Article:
She was all for it. Right away she said, "I see angles!"  I don't remember everything but here are some highlights:

[C] Congruent shapes: I found this one and a nice way to introduce that language.

[C] Curves: This was hers. She saw curves in the telephone wires.

[D] Degrees: I saw a 90 degree angle in a roof

[E] Equal: She used this word in relation to the shapes she saw. I mentioned the word congruent again in relation to this idea.

[H] Height: Some trees were higher than others.

[I] Interval: The telephone pole were spaced in equal intervals. In this game I don't think it matters if the adult ends up identifying more things than the child.  It's engaging for everyone to be looking out the window and a great opportunity for talking math with your kids in a low-pressure, (hopefully) highly enjoyable context.

[P] Parallel lines

You get the picture, right? Math talk can be about numbers but also about relationships (higher, smaller, faster) and other ways we describe our physical world.  Next time it would be fun to look for [A] Arrays, [M] Multiples, [N] Numbers or even the math version of "Are we there yet?"

[Z] Zeno's can't get there from here.

Thursday, July 10, 2014

That time my kid made me a math book while I was away

One of the best things about going out of town to work is coming home to discover some new math treasure my kid has created during my absence. One of my favorites was a couple years ago when she embellished a piece of fabric with a beaded freeze pattern. Here's what I got this morning after returning from a fabulous day-long Math in Your Feet intensive with some amazing educators in Connecticut.

The first page says: "Shapes can be found in everything! Especially a cat. Make a graph."

I think I'm supposed to put an X for every shape I see in the cat.

The second page says: "A cat running across a baseball rhombus! [!!!] Half of a rhombus is another triangle! There are ____ triangles. How many triangles. Answer on the back."

How many do you see?

Her answer was 6.

Apparently she went downstairs (where all *my* math making materials are kept, even though she has plenty of making supplies upstairs) when she wasn't supposed to.  But the call of the scissors and glue sticks were just to great, I suppose!

I was supposed to discover this on my desk at some point, but she was too excited to wait.  What a treasure!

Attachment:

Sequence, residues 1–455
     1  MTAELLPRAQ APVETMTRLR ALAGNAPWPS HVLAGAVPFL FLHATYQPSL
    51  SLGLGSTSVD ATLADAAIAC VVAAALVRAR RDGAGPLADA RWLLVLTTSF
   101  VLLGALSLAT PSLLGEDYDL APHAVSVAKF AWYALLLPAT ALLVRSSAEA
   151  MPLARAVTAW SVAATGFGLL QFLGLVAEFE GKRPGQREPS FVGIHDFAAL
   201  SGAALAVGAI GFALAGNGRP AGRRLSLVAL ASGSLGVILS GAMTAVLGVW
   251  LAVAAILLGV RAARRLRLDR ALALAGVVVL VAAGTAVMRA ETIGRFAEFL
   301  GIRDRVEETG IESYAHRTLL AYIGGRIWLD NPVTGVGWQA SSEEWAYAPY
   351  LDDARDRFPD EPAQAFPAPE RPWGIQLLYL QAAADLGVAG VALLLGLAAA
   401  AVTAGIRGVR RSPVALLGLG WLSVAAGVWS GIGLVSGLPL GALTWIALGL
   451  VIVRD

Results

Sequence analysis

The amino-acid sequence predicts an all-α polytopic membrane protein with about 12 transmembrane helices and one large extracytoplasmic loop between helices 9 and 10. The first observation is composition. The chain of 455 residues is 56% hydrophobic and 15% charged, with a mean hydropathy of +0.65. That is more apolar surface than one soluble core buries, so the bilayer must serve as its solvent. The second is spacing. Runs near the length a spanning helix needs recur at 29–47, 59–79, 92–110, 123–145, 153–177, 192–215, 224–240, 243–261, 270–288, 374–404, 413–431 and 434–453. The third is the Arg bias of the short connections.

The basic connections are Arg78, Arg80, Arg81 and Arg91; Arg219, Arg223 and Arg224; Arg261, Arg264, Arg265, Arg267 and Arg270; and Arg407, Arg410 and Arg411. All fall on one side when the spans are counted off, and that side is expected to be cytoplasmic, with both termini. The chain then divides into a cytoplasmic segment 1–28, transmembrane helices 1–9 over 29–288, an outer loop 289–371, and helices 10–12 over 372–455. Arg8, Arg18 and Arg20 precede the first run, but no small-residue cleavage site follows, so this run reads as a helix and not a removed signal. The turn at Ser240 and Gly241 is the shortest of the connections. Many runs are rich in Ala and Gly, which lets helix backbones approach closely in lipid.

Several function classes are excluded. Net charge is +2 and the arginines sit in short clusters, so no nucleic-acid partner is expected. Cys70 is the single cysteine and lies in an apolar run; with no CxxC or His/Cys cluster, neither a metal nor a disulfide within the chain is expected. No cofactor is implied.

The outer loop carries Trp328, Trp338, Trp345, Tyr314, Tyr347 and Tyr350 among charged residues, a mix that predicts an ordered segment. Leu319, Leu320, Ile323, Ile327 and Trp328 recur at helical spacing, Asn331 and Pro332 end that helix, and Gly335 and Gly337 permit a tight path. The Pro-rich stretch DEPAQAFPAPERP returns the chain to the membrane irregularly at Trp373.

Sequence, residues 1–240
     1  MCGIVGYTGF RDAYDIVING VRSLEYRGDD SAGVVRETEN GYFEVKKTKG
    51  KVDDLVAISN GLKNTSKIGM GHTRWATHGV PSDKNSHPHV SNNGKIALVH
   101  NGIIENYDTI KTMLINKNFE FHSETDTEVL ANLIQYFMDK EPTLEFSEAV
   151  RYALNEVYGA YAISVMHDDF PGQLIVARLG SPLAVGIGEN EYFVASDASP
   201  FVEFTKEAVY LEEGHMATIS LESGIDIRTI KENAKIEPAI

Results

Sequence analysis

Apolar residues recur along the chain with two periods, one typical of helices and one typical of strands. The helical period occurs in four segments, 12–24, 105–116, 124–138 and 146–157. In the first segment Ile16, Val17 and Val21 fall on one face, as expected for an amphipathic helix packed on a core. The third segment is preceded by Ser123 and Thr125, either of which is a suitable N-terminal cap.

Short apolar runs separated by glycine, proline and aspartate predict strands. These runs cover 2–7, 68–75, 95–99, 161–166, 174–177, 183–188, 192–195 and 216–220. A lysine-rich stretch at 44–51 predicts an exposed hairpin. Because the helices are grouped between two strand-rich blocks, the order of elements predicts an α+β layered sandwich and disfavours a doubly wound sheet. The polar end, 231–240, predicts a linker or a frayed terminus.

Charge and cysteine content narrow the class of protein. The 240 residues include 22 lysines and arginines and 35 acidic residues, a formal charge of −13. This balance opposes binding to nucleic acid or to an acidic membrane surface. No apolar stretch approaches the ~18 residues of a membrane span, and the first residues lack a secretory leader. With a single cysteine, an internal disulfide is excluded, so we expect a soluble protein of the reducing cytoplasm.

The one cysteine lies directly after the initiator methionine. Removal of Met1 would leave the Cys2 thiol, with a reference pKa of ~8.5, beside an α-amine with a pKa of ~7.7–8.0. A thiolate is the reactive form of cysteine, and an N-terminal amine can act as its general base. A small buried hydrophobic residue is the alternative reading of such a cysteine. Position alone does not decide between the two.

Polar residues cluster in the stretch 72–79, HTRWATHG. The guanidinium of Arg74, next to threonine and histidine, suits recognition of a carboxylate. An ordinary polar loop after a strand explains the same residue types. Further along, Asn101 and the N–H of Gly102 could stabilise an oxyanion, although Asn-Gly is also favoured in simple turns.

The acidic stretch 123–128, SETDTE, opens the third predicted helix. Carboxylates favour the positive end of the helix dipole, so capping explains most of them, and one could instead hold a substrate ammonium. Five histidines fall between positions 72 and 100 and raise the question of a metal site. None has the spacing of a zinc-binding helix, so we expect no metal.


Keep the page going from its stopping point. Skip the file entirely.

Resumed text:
Sunday, July 6, 2014

The Magnetizing Pencil Lead Experiment [#dswyk]

My (newly 9yo) daughter is a sensory girl who likes to mix things and ask questions while doing so. Over the course of her short life she has created all sorts of goopy, colorful, muddy, tasty inside and outside concoctions out of food, paint, mud, sidewalk chalk, bubbles...all the while narrating non-stop about what she's going to do and how and why.

This is great but she is very messy and I am, in all honesty, sometimes low on tolerance for daily messes (and for long-running verbal narrative) but I know this is the kind of thing that lights her up. So when she asked:

"Can I take salt and pepper and pencil leads and try to magnetize them in water?"

I said:

"Yes, as long as you clean up after you're done. And make sure to record your findings."

And she said:


She put water, salt, pepper and magnets from our fridge into a bowl along with the pencil leads. Her essential question was: "Can I magnetize these pencil leads?"  Here is what she wrote down about her experimenting (edited only for spelling):
If I put a pencil lead in water with pepper and salt and rub it to the non magnetized side: 
Will it still work if it's just water and pepper? YES
Will it work with just water? YES 
Will it work without water? NO. It does not work if both are not in water. It only works if one is rubbed! 
Will it work with a different magnet? YES 
When it's wet it sticks to me! Will it work when I don't rub it on the magnet? YES, but it does not stick for long.
Her ultimate conclusion was that she could "magnetize the pencil leads but they could not stick to other magnets beside themselves" and that "water has something to do with it."

I recently picked up a book at our public library used book store called Curious Minds: How a Child Becomes a Scientist.  The book is a collection of essays from interesting scientists who were asked to write about how and when in their childhoods they became interested in an idea that led them to go into the sciences.  My favorite essay is from Mary Catherine Bateson who is the daughter of Gregory Bateson and Margaret Mead. She talks about how she grew up in a household where "the how" of science was the focus. "The what" her father and mother studied changed over time, but it was her childhood experiences of looking for patterns and asking questions that really brought her into her field.

So, when my husband pointed out that the leads stuck together because they were wet, not magnetized as she had concluded, I agreed.  We did not succeed in convincing her otherwise, which is just fine with me.  What is most important about her sequence of question asking is that she was engaged in THE PROCESS (the how) of science.  To me, at this point in her life, the feel for the process is what we want her to have -- the curiosity, the personal agency, the flow of question asking.

After all, if you talk to real scientists and mathematicians they will tell you their work is about days and months and years and decades of wrong turns and the resulting new questions. In today's fast paced world it's hard to muster patience for this idea of building understanding over time but the truth is this: Coming to know often means you may not have all the answers you want or need right away but as long as you have new questions to ask you can be sure you are heading in the right direction.